The Namibia Cabin Crew Union (NCCU) has agreed with President Hage Geingob that liquidators are sitting on government money.
This comes after Geingob met with the Group Chief Executive Officer of Ethiopian Airlines, Mesfin Tasew Bekele, last month to discuss avenues of cooperation in Namibia’s efforts to restart a national airline.
In a press statement after concluding the36th Ordinary Session of the Heads of State and Government of the African Union (AU) in Ethiopiaon 18 February 2023, Geingob through his office said that the matter of reviving a national airline would be properly tabled before the Cabinet for decisions and operationalisation.
Last Thursday Geingob said Ethiopian airlines may help revive the national airline by taking Namibia’s routes and running it on behalf of the country.
“We must revive Air Namibia. Ethiopian airlines people came to present and they said they are now buying into existing airlines and taking routes to run for Africa. Eventually they may help to revive Air Namibia, but now they want to get our routes and that way they can start to run them on our behalf but normally they get shares. They may get 40% of shares,” Geingob said.
After questions were posed about the revival of Air Namibia during his State of the Nation Address,the President said the idea comes from the fact that liquidators are just making money.
“Air Namibia’srevival is coming from the fact that liquidators are just making money. Only two people are doing it, no black person is doing it and definitely they are sitting on money,” he stressed.
“They [Ethiopian Airlines] even followed with a letter after we came back that they want to be able to use our routes, while contemplating how to revive air Namibia by taking shares. So given the liquidation is taking too long to me, I don’t trust it now and therefore we are looking at alternatives.”
Geingob emphasised that he was one of the people who refused for Air Namibia to be liquidated, saying there was sabotage.
“How can you make a loss with a plane that was full. So I will join you to fight for Air Namibia,”he said.
NCCU President Reginald Kock told The Villager that they have been experiencing struggles with the liquidators in terms of communication and them being transparent about how they operate.
“Because when we were liquidated we completed creditors’ forms. The liquidators had to facilitate those monies, there were some meetings with them and management and agreed according to what the law says,” Kock said.
He added that last year there was a change made by the liquidators in terms of the money to be paid out which was filed with the High Court.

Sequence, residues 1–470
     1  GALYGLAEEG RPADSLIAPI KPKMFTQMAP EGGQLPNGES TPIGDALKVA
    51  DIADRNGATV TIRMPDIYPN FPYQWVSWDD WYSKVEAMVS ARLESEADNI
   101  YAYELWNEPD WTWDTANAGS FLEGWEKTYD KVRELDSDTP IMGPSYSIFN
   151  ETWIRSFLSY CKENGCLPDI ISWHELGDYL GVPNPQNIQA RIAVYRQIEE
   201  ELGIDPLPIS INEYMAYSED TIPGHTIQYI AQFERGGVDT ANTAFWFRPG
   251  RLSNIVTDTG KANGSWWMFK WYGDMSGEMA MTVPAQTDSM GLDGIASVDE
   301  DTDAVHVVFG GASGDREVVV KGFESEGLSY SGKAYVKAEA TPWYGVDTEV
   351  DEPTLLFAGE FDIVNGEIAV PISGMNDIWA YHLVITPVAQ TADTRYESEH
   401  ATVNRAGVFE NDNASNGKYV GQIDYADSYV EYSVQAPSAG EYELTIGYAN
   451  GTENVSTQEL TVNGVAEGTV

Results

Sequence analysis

“You want to submit the changes to the High Court without informing us. When we got engaged they went quiet. Then went ahead and paid the money last December which was a 30% reduction.”
Kock stamped said somehow President Geingob is right as the experience the union has had with the liquidators “is just a funny operation from them”that seems like the idea is to make more money for themselves before the process is completed.
He said the union has no idea how the liquidators were appointed and the criteria that was used.
“What experience you must have to be appointed especially for the aviation industry and equipment. Wherever this is smoke there is fire and those are certain things that need to be investigated, how liquidators are operating in this country,” Kock said.
Air Namibia was liquidated on 26 March 2021, after no opposing papers were filed against a liquidation application brought by the Namibia Airports Company (NAC).
The national airline owed the NACN$714 million in outstanding aeronautical and ground handling charges and has been in provisional liquidation since 6 February 2021.
At the time of the liquidation being approved, Air Namibia had assets valued at N$1,04 billion and liabilities amounting to nearly N$5,4 billion.
Kock further said experts such as Ethiopian Airlines coming in to assist would help, adding that it was something they were advocating for before the shutdown of Namibia’s national airline.
Meanwhile NAC Board Chairperson Leake Hangala said Namibia needs a national airline to promote Namibia in terms of trade and tourism.
He said this will also create employment.